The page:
Hackers can get into your office using something as simple as a felt-tip pen.
Hacking isn't always digital; it can be physical, too. Your company could be attacked via a USB stick dropped in the lobby, a fake inspector, or even a felt-tip pen.
NCC Group's penetration testing team used what it calls the "felt-tip exploit" to access a client's offices. “The building was secured by a PIN pad system to restrict unauthorised entry,” explains Daniel Farrie, senior security consultant at the group.
“By subtly marking each PIN key with a felt-tip pen, it was possible to return after office hours and assess which numbers had been disturbed… as attackers, we had unfettered access to some very sensitive information,” he explains.
Tom Roberts also sneaks into buildings for his work, as a security consultant at Pen Test Partners. Once inside, Mr Roberts needs little more than a friendly smile and professional demeanour to breach security.
He will spot filing cabinets left open, a laptop that’s unattended and unlocked, or a data room propped open, because no-one can remember the door code.
“These small things may, on the face of it, all seem a trifle,” he says. “The problem is that small things are all it takes for a criminal or hacker to take something small that can make a big difference.”
Such in-person attacks are perhaps more common in films than at your average small or medium-sized enterprise (SME); most physical security breaches are simple errors: lost laptops or files left on trains are more likely, notes Gemma Moore, director at information security tester, Cyberis.
While those are the most frequent source of physical leaks, it’s tough to know how common targeted physical breaches are, because they’re often not detected by the victims.
Physical attacks tend to be targeted, Ms Moore adds. While casual criminals may sneak into your office to nick a laptop, that’s normally to sell the asset, rather than to steal the data.
But once inside, intruders can install keyloggers on computers, deploy remote-access network devices, or run malware, explains Mr Farrie. “Each tactic is designed to provide a criminal with remote access to the network, or the corporate passwords that can be used to gain that level of access.”
And gaining access to offices is normally easy, Ms Moore explains, calling it the “high vis” effect; if you wear official clothing, such as a high-vis jacket, you’re unlikely to be challenged.
Think of all the people who legitimately enter your workplace. Health-and-safety auditors, cleaners, inspectors, suppliers, and candidates coming in for interview could all be used as cover stories. “Gaining access does not necessitate an out-of-hours break-in,” she says.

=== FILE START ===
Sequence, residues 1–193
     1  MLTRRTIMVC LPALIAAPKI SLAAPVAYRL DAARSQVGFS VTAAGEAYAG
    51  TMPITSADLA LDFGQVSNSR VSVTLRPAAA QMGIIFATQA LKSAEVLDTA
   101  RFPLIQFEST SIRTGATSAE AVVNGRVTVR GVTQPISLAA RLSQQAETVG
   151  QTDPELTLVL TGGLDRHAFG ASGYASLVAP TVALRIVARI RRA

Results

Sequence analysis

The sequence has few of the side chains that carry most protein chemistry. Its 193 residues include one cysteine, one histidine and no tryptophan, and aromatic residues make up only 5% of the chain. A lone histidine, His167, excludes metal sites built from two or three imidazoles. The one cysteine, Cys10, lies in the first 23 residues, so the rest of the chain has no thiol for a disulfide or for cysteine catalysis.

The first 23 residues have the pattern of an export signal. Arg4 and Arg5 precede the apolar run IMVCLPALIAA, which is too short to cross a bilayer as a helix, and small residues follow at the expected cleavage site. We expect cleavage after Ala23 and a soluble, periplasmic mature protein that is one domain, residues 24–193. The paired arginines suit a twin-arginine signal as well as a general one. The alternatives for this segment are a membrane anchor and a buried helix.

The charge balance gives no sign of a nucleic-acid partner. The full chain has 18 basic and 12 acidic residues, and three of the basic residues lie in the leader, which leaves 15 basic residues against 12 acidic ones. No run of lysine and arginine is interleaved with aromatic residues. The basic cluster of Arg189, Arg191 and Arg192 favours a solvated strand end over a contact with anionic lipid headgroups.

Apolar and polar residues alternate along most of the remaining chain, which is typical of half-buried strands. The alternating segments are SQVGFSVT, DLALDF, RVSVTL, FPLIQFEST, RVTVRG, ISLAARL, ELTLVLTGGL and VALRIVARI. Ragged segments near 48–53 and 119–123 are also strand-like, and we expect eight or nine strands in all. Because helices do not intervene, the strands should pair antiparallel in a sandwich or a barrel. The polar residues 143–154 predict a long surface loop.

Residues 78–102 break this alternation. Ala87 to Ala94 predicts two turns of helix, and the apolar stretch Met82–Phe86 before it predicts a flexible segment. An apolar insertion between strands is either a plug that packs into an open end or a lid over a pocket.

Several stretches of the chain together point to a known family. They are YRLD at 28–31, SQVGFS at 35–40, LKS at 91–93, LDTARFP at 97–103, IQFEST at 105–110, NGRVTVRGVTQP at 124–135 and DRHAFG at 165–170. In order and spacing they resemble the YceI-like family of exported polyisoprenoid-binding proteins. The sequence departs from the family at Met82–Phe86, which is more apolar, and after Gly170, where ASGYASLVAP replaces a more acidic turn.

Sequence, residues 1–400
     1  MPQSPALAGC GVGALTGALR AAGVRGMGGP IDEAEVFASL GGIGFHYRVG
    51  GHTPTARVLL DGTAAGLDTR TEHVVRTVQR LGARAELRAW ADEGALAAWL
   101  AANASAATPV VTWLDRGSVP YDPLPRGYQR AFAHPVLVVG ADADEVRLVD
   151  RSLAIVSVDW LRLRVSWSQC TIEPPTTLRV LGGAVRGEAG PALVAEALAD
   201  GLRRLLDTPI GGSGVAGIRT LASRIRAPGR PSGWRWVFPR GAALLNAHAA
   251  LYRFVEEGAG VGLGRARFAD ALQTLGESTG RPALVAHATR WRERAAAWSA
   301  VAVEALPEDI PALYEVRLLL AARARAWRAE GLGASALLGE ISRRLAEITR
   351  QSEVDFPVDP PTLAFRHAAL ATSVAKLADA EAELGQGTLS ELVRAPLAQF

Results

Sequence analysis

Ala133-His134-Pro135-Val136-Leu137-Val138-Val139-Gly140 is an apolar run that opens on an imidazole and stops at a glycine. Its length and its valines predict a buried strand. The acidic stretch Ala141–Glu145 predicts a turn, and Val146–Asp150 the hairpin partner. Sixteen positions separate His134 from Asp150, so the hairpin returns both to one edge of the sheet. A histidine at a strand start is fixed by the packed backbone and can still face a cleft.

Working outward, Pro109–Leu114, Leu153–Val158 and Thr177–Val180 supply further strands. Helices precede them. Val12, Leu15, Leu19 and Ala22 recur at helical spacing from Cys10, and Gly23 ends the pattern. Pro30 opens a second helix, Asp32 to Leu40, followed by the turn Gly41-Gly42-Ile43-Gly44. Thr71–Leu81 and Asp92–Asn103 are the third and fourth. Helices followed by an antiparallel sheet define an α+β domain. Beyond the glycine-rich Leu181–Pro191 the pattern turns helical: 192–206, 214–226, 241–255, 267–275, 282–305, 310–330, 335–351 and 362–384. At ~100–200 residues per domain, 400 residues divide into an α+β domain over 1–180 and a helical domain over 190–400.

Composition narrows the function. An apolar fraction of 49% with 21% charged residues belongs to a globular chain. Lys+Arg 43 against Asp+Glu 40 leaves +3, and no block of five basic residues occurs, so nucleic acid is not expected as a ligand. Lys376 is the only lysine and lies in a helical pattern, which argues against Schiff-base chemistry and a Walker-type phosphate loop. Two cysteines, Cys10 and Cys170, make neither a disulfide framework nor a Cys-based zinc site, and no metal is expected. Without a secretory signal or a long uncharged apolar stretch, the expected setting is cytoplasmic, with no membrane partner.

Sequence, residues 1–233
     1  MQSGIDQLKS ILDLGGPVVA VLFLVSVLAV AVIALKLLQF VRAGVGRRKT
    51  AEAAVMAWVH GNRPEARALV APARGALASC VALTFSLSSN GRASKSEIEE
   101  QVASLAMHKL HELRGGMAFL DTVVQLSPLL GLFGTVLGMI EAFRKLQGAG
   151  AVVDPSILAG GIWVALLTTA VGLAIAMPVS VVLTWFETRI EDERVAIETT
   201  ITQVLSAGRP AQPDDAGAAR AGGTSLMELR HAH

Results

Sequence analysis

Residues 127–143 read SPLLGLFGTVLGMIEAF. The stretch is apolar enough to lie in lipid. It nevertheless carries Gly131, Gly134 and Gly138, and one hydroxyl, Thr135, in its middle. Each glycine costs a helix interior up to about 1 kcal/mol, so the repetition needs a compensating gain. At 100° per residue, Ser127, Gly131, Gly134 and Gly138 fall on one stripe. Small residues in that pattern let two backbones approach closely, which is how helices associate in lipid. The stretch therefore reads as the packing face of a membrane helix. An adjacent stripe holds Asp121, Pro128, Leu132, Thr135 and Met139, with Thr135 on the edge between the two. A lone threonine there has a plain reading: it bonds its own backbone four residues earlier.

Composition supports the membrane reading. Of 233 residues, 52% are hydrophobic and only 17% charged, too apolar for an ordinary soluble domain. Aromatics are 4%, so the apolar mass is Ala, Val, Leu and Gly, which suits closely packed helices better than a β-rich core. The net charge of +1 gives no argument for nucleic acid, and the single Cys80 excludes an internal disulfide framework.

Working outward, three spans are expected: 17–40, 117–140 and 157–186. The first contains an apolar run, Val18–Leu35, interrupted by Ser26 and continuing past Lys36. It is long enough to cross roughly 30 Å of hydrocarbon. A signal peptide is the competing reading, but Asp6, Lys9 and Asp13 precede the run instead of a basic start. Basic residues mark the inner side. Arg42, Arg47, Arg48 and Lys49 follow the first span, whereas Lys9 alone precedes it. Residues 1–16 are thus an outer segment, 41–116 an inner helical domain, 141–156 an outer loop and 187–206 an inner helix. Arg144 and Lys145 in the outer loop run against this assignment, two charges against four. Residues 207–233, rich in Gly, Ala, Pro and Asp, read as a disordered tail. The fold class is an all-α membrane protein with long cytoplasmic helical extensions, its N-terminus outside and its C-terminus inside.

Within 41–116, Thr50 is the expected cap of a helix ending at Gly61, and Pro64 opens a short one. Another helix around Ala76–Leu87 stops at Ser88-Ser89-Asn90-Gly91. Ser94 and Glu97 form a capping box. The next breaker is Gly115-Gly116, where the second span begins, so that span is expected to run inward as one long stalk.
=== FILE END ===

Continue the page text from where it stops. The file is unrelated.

When Cyberis is testing a client’s physical security, the firm will often pretend to be a portable appliance tester (PAT) inspector, as that not only offers access, but gives an excuse to interact with equipment such as workstations and network switches.
They were once so successful that one fake PAT inspector testing a client was offered a cup of tea in the staff kitchen after spending hours accessing unlocked workstations.
Another tactic to gain physical access is what’s called “tailgating”, says Ms Moore. “Even for businesses with card-based access control on all doors, we’re still regularly able to follow authorised personnel into restricted areas,” she explains. “There’s a great degree of social pressure on individuals to be polite, and closing a door in someone’s face is plain rude, so many people can’t bring themselves to do it.”
Once inside, attacks can take myriad forms, including accessing PCs using passwords left on post-it notes, or leaving USB sticks around.
Mr Farrie says that his favourite “low-tech” attack is phishing posters.
“They will likely promote a website that's under my control and encourage employees to log in with their corporate network credentials. A well-designed poster situated in the canteen suggests that it has been authorised and can be trusted," he explains.
"After that, achieving administrator-level access for the whole network can often just be a matter of time."
So what can SMEs do to avoid such physical attacks on their digital assets? On the IT side, they should monitor their internal networks for strange behaviour, rather than depend entirely on digital protective measures to keep hackers out.
But, as ever, employee education is the answer. “It’s difficult to defend against these attacks, as social norms tend to help attackers in these cases," says Ms Moore. “Employees must be willing to challenge visitors if they seem suspicious, and must have escalation routes that they can use if concerned about strangers in the office.”
Mr Roberts advises staff to be “polite but firm” when dealing with unknown visitors. “Anyone who’s valid will gladly accede to your request, and customers would even value the fact that you have a security policy if they wander away and are asked to return to the public zones,” he says.